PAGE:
The List Operators For Kids Do Compooters: Wig-i-pedia

The List OperatorsThe List Operators exploded onto the comedy scene only a few years ago but quickly became loved by critics and fans alike. They then diversified to producing comedy shows for children, a demographic mostly overlooked by live comedy. Now – in a case of life impersonating Wiggles – they seem to be so busy performing to kids there isn’t time to do shows for adults any more.

I, sadly, had never seen them perform for adults, so decided one of their kids shows would at least get me the idea of the group. As an additional bonus, an adult man attending this show without children will suddenly find himself in possession of plenty of legroom as nervous mothers quickly move their children to other seats (in retrospect, my slightly-too-loud reference to “paedophile’s row” may not have helped).

I still don’t really know what The List Operators are like for adults as this show is clearly, cleverly and unreservedly for kids. The show’s framework is computers and the internet, with many silly props and puns, but the Listies know what the audience likes. It’s fart jokes. And poo jokes. It’s unapologetically aimed directly at the kids, with only the occasional joke thrown the way of the parents. Which is probably how it should be.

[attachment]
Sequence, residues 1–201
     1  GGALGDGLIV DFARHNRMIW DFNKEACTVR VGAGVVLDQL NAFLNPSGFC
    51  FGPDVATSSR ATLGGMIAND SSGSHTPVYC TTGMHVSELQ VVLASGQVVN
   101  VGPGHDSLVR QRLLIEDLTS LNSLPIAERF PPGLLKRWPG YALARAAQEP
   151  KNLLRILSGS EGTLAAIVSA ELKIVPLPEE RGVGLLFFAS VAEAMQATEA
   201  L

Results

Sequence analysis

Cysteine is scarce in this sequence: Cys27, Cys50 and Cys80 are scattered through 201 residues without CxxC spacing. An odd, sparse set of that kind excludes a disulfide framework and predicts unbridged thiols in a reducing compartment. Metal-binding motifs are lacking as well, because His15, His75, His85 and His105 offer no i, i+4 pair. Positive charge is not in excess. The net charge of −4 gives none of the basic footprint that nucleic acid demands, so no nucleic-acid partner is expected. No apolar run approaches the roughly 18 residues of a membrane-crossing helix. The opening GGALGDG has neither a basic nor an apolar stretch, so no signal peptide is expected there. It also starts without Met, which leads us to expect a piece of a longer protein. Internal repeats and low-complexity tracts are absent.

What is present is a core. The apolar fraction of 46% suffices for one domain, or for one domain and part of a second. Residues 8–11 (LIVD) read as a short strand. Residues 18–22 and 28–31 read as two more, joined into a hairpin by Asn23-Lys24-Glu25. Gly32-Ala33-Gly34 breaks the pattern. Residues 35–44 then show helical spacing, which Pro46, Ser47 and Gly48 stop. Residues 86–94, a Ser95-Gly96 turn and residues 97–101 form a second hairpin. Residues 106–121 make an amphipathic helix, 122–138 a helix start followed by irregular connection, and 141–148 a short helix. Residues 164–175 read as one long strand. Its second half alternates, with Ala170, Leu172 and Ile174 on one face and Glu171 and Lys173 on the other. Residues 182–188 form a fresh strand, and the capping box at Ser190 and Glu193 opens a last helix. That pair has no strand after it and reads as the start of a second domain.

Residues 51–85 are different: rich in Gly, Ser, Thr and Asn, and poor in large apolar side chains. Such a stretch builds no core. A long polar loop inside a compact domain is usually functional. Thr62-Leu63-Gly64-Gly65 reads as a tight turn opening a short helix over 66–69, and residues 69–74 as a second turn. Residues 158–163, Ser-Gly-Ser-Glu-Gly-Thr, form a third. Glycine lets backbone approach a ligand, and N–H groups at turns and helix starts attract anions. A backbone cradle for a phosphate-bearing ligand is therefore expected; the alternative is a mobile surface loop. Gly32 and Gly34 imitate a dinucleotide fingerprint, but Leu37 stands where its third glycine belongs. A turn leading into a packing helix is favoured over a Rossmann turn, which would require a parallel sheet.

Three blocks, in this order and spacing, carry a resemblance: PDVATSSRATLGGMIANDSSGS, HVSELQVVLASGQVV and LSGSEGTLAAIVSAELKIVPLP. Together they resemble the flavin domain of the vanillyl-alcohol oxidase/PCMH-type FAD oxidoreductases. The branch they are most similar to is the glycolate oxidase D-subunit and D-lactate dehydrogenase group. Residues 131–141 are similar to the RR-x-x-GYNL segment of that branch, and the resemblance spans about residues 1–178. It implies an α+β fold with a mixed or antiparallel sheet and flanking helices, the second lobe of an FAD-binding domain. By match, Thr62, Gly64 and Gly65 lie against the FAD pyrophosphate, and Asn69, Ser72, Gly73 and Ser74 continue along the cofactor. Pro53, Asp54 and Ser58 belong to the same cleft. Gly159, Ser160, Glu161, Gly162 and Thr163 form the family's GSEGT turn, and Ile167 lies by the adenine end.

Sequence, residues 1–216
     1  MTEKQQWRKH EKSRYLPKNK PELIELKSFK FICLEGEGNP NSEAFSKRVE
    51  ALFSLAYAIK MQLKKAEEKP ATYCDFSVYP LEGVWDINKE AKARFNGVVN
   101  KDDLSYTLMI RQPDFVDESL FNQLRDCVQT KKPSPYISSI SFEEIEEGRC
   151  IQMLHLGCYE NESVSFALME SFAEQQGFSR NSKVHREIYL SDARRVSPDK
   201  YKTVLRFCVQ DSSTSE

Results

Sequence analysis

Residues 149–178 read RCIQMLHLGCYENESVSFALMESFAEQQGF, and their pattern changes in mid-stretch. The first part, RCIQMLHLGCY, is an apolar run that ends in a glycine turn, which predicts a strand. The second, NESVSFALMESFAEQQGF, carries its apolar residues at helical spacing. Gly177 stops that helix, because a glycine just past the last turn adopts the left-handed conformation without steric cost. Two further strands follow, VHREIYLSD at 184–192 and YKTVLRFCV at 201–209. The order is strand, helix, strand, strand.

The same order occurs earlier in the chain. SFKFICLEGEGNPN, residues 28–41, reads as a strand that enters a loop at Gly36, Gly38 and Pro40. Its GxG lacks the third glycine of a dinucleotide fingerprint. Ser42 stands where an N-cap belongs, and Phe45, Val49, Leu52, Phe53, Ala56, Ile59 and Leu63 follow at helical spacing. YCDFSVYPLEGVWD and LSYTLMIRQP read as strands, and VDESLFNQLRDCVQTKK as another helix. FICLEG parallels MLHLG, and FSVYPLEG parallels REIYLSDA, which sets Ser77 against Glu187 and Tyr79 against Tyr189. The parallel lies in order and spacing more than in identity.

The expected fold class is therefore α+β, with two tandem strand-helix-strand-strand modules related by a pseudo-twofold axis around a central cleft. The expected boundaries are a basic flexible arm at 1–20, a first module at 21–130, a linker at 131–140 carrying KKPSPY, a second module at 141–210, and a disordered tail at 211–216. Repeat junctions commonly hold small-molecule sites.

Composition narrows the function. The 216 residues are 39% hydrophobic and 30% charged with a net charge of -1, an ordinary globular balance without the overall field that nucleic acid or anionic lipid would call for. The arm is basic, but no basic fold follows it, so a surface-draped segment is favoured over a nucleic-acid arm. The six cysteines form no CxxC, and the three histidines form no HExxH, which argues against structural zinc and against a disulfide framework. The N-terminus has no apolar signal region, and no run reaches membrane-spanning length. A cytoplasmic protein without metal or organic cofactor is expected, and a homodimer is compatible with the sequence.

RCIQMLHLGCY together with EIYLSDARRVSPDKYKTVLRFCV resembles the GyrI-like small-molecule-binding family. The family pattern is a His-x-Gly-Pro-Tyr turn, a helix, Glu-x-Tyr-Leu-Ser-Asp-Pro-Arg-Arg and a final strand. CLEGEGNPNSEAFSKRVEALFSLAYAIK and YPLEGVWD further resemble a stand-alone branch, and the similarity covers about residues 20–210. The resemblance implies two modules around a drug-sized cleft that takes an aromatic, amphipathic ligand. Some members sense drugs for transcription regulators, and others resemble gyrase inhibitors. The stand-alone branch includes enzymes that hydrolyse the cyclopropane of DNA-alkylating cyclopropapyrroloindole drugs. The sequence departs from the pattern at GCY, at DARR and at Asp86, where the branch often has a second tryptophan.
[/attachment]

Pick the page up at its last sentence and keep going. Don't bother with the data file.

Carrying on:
The rare exception to this is an inspired high-tech take on Abbot and Costello’s “Who’s On First?” routine that involves “what” being a password and “I don’t know” a user-name. The kids enjoy the silliness of it, while the parents also enjoy the clever retooling of an old joke.
With an audience this young, it’s interesting to see where occasionally a reference doesn’t hit. The window of pop culture knowledge is so limited that even a few months can make a difference to a joke about Keyboard Cat – an internet meme which peaked around 2009 – seemed to fall flat. Sometimes 18 months can be a lifetime. Another segment that required two audience members to recreate the classic video game Pong seemed to cause confusion for both parent and child (although the following moment – “Pong 3D” – was a delightful moment of exhilarating chaos).

It’s a fast moving show and all terribly good fun, but there’s not really enough to engage an adult viewer alone. If you have young kids, however, it’s a must-see. And what a great way to introduce them to the comedy festival!

Until 24 April, 2011

For more information visit: Melbourne International Comedy Festival

Anne-Marie Peard

Anne-Marie spent many years working with amazing artists at arts festivals all over Australia. She's been a freelance arts writer for the last 10 years and teaches journalism at Monash University.

Anne-Marie Peard

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